Simple swaps and substitutions like these—whether it’s omitting legumes from the recipe or holding off on the recommended addition of wine or sugar—are easy to make and won’t significantly affect your final product. We’ll bet that once you start adjusting some of your favorite go-to soup recipes, you’ll be shocked to realize how easy it is to make subtle changes to make them Whole30-friendly.

Learn How to Build a Solid Base

One of the best parts about crafting amazing soups and stews is that once you’ve got the hang of a simple, reliable recipe, you can begin to branch out and add the proteins, produce, and seasonings of your choice. Not only will crafting custom soups give you a huge sense of pride, but it will also guarantee you won’t fall into a slump of eating the same dish over and over.

Start with the base of a recipe you already love and build from there, or if you don’t have one in mind follow a fundamental soup making equation. Nearly all soups and stews start with the process of softening base vegetables like finely chopped onions, peppers, and garlic in olive oil or another compliant oil base before adding your protein, like ground turkey or paleo bacon, to cook. From there, you can begin to build your soup using the liquid of your choice—such as a broth, crushed tomatoes in sauce, or coconut milk—seasonings, herbs, and additional produce. With this simple equation you can make countless combinations of ingredients for a new soup or stew every time.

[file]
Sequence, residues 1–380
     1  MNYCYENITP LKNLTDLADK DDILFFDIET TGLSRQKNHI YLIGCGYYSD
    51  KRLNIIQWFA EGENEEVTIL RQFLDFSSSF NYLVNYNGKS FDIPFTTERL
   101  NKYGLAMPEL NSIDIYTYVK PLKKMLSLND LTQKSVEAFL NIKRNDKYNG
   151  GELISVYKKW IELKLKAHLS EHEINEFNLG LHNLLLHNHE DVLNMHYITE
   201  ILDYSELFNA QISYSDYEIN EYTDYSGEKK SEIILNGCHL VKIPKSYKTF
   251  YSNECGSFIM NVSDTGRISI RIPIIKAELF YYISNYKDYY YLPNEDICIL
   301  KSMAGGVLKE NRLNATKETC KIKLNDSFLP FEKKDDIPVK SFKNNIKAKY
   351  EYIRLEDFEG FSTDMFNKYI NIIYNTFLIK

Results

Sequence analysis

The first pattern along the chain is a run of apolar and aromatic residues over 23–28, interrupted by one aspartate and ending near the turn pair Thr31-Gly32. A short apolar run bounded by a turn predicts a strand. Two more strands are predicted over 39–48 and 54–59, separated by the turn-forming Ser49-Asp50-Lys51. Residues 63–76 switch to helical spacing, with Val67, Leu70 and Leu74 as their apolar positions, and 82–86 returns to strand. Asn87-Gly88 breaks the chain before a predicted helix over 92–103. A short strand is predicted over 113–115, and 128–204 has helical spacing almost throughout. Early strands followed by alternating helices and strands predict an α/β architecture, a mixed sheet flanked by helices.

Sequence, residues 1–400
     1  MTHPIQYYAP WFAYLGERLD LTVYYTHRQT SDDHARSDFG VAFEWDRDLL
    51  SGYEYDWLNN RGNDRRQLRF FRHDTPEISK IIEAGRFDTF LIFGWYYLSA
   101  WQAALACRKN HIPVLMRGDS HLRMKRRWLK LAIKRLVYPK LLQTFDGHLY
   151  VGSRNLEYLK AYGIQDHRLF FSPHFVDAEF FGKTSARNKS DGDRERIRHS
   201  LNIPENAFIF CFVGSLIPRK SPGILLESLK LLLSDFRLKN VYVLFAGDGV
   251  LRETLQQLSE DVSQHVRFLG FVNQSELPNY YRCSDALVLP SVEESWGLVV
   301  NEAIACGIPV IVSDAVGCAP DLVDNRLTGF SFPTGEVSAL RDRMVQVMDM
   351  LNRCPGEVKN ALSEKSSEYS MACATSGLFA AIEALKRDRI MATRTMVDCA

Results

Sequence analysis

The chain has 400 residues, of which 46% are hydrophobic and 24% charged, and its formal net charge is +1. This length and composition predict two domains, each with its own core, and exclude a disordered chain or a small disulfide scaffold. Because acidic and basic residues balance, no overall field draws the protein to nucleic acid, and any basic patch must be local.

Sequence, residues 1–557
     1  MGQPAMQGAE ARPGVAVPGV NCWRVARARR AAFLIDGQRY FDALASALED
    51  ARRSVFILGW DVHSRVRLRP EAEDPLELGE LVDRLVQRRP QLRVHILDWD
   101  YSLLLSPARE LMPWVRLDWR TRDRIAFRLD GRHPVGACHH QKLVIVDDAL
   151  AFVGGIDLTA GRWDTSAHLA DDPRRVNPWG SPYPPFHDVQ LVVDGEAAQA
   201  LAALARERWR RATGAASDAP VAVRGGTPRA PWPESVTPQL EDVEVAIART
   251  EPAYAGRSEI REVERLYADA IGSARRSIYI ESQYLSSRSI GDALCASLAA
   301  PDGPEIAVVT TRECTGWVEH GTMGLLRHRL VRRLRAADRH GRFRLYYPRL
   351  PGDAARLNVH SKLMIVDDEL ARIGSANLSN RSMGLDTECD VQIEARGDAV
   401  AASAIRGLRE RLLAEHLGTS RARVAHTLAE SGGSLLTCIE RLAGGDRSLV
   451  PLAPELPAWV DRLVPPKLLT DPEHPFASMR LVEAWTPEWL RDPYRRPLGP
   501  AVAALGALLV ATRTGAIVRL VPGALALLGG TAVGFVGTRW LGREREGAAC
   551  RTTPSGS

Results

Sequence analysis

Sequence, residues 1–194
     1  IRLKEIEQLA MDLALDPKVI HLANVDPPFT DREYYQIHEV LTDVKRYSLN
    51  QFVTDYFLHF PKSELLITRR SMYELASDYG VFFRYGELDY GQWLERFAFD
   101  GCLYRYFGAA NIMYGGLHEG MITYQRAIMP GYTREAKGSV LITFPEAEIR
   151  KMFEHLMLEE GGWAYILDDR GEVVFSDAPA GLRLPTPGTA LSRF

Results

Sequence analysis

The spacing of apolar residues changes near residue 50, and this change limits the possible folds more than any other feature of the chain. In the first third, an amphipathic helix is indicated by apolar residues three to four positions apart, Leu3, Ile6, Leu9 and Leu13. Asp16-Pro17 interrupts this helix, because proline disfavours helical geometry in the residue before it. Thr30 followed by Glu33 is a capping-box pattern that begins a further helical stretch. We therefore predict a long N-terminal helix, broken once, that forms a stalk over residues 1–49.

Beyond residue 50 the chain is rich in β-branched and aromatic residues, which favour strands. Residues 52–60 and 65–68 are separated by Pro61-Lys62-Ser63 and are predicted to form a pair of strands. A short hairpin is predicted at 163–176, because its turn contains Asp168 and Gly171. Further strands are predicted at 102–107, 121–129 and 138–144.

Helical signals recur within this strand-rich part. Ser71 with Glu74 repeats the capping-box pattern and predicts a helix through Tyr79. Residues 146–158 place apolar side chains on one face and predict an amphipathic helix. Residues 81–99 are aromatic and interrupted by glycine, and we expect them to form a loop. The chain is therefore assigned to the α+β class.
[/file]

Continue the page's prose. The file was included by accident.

You earn major bonus points if you make your own homemade chicken broth or vegetable broth, which both can act as the base to countless combinations of ingredients.

Become BFFs with Coconut Milk

While creamy soups are undeniably one of the best winter comfort foods in existence, the dairy bases that they heavily rely on are obviously off limits. However, for those who are hankering for a super creamy creation, there is one Whole30-approved ingredient that could be your saving grace: coconut milk. This rich ingredient—which is sold in cans, rather than in the refrigerated dairy section—is packed with healthy natural fats that will thicken your recipes and recreate the creamy texture you crave, sans dairy.

To help you get the hang of using coconut milk as your cream base, start with flavorful recipes like Butternut Soup with Coconut Milk, Spicy Thai Coconut Chicken Soup (omitting the sugar), Coconut Shrimp Soup, and a hearty Chicken Chowder (leaving out the corn and flour, and upgrading to full-fat coconut milk to make up for the omitted flour on the texture front).